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A tale of two Kam(a)las

A tale of two Kam(a)las


On Monday of this week the political fortunes of two female politicians, in two different countries went in opposite directions. In Trinidad and Tobago, Ms Kamla Persad-Bissessar, that country’s first and only female Prime Minister so far, failed in her bid to regain that post which she lost in 2015. Her United National Congress (UNC) lost the general elections, the second successive loss under her leadership and although she has not yet conceded defeat, it seems that her political future is a bleak one.

By contrast, in the United States, the fortunes of another Kamla, actually Kamala, took off in the opposite direction. On the same Monday, the Presidential candidate of the Democratic Party, former Vice President Joe Biden, named Ms Kamala Harris, a Senator representing California in the US Senate, as his choice as vice presidential candidate for the November 3 elections. Ms Harris has a proven successful track record and in addition, her ethnic background, of mixed Black and South Asian (Indian) origin made her an appropriate choice given the current mood of America.

It represents a strategic move by Biden to choose a woman of colour, a highly qualified one at that, as his running mate. The multi-racial ticket contrasts starkly with the white male image of the Trump-Pence Republican ticket which seems completely out of sync with the times. While other black women have attempted to be elected as either president or vice president in the past, none have succeeded. Among these have been the renowned female black activist and intellectual Angela Davis, a vice presidential candidate on the Communist party ticket in both 1980 and 1984.

Should the Biden/Harris combination win in November, she will make history in becoming the first female vice president ever in the US, the first black vice president (of any sex) and in addition the first Black female vice president of her great country. It will be a reaffirmation of a trend of qualified and highly articulate black women winning election to seats of power undreamt of just a few years ago. Today there are a number of black female mayors of major cities in the US including Atlanta, Chicago and San Francisco. In addition black women are in the forefront of the struggle to end racism and seek the democratisation of American society.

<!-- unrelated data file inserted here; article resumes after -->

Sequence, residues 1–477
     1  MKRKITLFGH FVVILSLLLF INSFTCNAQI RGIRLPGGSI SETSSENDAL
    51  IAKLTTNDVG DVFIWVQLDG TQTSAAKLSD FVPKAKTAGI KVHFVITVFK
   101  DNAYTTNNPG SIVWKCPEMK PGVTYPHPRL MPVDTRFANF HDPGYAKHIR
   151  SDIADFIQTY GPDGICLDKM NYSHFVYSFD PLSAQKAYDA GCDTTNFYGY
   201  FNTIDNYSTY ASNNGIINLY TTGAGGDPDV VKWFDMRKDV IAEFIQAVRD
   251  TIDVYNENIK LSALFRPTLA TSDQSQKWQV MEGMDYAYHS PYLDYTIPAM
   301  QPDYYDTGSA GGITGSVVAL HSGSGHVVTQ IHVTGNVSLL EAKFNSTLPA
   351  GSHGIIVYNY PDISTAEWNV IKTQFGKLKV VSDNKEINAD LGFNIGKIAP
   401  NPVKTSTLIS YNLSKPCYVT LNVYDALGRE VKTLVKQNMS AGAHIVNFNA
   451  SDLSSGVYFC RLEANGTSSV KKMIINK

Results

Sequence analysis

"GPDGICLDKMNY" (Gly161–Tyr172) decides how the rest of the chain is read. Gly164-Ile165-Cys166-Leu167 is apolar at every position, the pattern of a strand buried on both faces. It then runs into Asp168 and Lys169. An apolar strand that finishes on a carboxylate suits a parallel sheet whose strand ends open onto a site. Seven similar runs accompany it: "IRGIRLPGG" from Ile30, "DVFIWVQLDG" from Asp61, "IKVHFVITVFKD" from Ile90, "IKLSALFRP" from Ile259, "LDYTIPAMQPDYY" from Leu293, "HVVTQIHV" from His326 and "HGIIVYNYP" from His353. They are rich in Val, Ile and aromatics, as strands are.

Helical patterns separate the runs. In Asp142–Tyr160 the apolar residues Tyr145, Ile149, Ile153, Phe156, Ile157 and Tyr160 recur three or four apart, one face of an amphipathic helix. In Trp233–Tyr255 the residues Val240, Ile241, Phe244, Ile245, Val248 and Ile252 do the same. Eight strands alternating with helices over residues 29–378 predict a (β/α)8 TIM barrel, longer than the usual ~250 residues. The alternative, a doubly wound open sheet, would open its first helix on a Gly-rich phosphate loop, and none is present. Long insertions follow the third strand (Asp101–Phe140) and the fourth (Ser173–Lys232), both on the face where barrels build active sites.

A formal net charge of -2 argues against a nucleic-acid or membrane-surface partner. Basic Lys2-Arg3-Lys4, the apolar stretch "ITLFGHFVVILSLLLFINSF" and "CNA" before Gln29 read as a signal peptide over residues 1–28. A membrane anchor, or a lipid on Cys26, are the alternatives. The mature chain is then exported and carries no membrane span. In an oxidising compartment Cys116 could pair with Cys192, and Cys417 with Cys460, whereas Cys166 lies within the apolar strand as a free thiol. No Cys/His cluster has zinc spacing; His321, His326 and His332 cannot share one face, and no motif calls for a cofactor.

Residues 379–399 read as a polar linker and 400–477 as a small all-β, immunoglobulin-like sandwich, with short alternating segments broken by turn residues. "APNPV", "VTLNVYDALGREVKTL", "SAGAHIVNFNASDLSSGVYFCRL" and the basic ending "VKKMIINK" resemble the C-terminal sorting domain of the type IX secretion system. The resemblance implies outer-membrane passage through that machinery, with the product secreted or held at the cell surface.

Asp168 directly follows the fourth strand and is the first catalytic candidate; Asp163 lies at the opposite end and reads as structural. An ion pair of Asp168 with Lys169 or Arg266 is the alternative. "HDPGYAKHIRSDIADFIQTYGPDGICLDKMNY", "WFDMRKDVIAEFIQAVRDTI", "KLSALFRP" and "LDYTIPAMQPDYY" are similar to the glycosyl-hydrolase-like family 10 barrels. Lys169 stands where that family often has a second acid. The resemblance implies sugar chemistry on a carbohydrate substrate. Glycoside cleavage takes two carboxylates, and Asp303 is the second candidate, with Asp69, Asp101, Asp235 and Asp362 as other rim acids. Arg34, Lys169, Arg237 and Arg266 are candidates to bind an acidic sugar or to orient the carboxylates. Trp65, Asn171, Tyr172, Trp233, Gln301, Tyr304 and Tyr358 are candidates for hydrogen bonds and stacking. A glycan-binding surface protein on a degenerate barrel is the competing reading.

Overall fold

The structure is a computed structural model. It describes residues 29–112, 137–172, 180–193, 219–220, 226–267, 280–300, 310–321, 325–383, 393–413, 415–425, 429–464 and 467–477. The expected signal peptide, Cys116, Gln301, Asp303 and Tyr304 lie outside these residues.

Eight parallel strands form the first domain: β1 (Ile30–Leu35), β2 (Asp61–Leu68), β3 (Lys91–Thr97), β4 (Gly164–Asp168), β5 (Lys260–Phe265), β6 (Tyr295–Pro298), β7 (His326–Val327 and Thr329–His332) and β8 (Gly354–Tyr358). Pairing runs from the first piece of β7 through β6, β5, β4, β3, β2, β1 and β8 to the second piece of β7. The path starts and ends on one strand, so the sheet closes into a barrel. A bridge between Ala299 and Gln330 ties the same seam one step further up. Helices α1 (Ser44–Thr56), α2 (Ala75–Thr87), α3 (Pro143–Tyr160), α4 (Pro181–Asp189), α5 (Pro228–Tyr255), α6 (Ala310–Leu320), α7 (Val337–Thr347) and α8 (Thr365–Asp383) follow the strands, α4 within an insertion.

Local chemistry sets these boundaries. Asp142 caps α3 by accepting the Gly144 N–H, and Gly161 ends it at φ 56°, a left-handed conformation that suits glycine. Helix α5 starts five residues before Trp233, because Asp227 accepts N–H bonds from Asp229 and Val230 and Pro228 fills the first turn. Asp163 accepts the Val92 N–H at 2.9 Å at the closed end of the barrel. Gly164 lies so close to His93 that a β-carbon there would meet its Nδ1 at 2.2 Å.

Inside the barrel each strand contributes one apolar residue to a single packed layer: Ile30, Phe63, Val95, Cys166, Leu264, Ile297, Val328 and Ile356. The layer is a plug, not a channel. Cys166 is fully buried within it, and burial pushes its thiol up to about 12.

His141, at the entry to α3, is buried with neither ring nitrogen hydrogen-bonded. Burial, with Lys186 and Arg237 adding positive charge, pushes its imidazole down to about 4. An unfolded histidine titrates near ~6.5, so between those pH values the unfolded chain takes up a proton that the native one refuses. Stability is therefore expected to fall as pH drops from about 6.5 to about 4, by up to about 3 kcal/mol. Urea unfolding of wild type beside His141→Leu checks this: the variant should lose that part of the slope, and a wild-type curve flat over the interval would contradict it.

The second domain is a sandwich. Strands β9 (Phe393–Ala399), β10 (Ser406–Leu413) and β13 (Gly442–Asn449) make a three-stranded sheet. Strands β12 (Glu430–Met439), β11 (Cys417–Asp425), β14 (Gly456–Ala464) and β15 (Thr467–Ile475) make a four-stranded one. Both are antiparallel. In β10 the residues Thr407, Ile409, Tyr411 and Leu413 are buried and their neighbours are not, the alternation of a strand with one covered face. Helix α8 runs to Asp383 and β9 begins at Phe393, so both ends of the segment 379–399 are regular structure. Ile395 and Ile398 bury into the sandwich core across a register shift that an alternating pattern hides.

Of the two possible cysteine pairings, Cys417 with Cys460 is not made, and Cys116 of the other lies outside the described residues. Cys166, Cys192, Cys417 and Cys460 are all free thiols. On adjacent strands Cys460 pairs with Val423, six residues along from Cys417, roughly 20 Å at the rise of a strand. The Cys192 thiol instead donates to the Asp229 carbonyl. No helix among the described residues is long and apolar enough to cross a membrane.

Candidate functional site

Yet, while Harris’ choice as a vice presidential candidate is a major step forward, she faces formidable challenges.

America remains not only a racist society but a sexist one at that. Coincidentally, this year marks 100 years since the passage of the 19th Amendment to that country’s constitution allowing 26 million American women to vote for the first time in the US presidential elections of 1920. Sadly, but not surprisingly, that Amendment did not fully enfranchise Native American (indigenous) women, or women from Black, Asian and Hispanic backgrounds who had to continue to fight for the right to vote. That fight continues today after one century.

Ms Harris has proven to be a formidable, intelligent and competent fighter but she will now face the test of her life. However her candidacy will no doubt prove an inspiration to women and all people of colour to mobilize to get rid of the scourges of racism, discrimination and inequality which sit like a blight on American society.